[openstack-dev] [legal-discuss] [Marconi] Why is marconi a queue implementation vs a provisioning API?

Sean Dague sean at dague.net
Thu Mar 20 12:52:00 UTC 2014

On 03/20/2014 08:36 AM, Mark McLoughlin wrote:
> On Thu, 2014-03-20 at 12:07 +0100, Thierry Carrez wrote:
>> Monty Taylor wrote:
>>> On 03/20/2014 01:30 AM, Radcliffe, Mark wrote:
>>>> The problem with AGPL is that the scope is very uncertain and the
>>>> determination of the  consequences are very fact intensive. I was the
>>>> chair of the User Committee in developing the GPLv3 and I am therefor
>>>> quite familiar with the legal issues.  The incorporation of AGPLv3
>>>> code Into OpenStack Project  is a significant decision and should not
>>>> be made without input from the Foundation. At a minimum, the
>>>> inclusion of APLv3 code means that the OpenStack Project is no longer
>>>> solely an Apache v2 licensed project because AGPLv3 code cannot be
>>>> licensed under Apache v. 2 License.  Moreover, the inclusion of such
>>>> code is inconsistent with the current CLA provisions.
>>>> This code can be included but it is an important decision that should
>>>> be made carefully.
>>> I agree - but in this case, I think that we're not talking about
>>> including AGPL code in OpenStack as much as we are talking about using
>>> an Apache2 driver that would talk to a server that is AGPL ... if the
>>> deployer chooses to install the AGPL software. I don't think we're
>>> suggesting that downloading or installing openstack itself would involve
>>> downloading or installing AGPL code.
>> Yes, the issue here is more... a large number of people want to stay
>> away from AGPL. Should the TC consider adding to the OpenStack
>> integrated release a component that requires AGPL software to be
>> installed alongside it ? It's not really a legal issue (hence me
>> stopping the legal-issues cross-posting).
> We need to understand the reasons "people want to stay away from the
> AGPL". Those reasons appear to be legal reasons, and not necessarily
> well founded. I think legal-discuss can help tease those out.
> I don't (yet) accept that there's a reasonable enough concern for the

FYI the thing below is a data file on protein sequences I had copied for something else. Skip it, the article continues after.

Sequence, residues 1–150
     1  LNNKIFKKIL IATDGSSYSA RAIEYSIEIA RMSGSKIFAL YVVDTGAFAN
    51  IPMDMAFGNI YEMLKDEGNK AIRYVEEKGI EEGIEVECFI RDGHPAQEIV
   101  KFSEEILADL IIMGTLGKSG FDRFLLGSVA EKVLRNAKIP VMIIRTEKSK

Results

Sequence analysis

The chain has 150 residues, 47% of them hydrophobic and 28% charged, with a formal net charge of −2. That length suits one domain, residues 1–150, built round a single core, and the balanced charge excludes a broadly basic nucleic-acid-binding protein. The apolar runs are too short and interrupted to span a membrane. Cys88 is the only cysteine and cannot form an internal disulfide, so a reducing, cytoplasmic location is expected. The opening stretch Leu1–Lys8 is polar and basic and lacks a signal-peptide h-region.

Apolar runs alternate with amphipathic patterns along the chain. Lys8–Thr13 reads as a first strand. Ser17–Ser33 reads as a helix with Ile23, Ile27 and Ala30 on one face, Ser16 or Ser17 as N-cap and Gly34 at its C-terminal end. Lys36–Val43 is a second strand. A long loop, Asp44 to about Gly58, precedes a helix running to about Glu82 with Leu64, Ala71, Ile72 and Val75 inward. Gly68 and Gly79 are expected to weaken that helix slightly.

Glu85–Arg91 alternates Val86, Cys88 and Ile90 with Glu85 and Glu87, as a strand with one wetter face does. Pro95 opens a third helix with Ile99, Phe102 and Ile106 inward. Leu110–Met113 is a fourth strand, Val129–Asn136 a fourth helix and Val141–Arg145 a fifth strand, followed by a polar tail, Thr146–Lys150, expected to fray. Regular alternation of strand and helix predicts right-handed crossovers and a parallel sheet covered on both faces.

> OpenStack project to pander to.
> I'm no fan of the AGPL, but we need to be able to articulate any policy
> decision we make here beyond "some people don't like the AGPL".
> For example, if we felt the AGPL fears weren't particularly well founded
> then we could make a policy decision that projects should have an
> abstraction that would allow those with AGPL fears add support for
> another technology ... but that the project wouldn't be required to do
> so itself before graduating.
>> This was identified early on as a concern with Marconi and the SQLA
>> support was added to counter that concern. The question then becomes,
>> how usable this SQLA option actually is ? If it's sluggish, unusable in
>> production or if it doesn't fully support the proposed Marconi API, then
>> I think we still have that concern.
> I understood that a future Redis driver was what the Marconi team had in
> mind to address this concern and the SQLA driver wasn't intended for
> production use.

This is a little problematic from a deployer requirement perspective.
Today we say to all deployers: To run all of OpenStack:

 * You will need to run and maintain a relational database environment
(and probably cluster it for scale / availability)
 * You will need to run and maintain a queue system (rabbit, qpid, zmq)
 * You will need to run and maintain a web server (apache)

Deciding to integrate something to OpenStack that requires a base piece
of software that is outside of that list is a pretty big deal.

Forget license for a moment, just specifying that you have to run and
maintain and monitor a nosql environment in addition to a RDBMS is
definitely adding substantial burden to OpenStack deployers.

Big public cloud shops, that's probably fine for them. However OpenStack
as a site level deploy ? Having to add expertise in nosql engine
lifecycle management is a real cost. And we better be explicit about it
from a project wide stance if that's what we're saying.


Sean Dague
Samsung Research America
sean at dague.net / sean.dague at samsung.com

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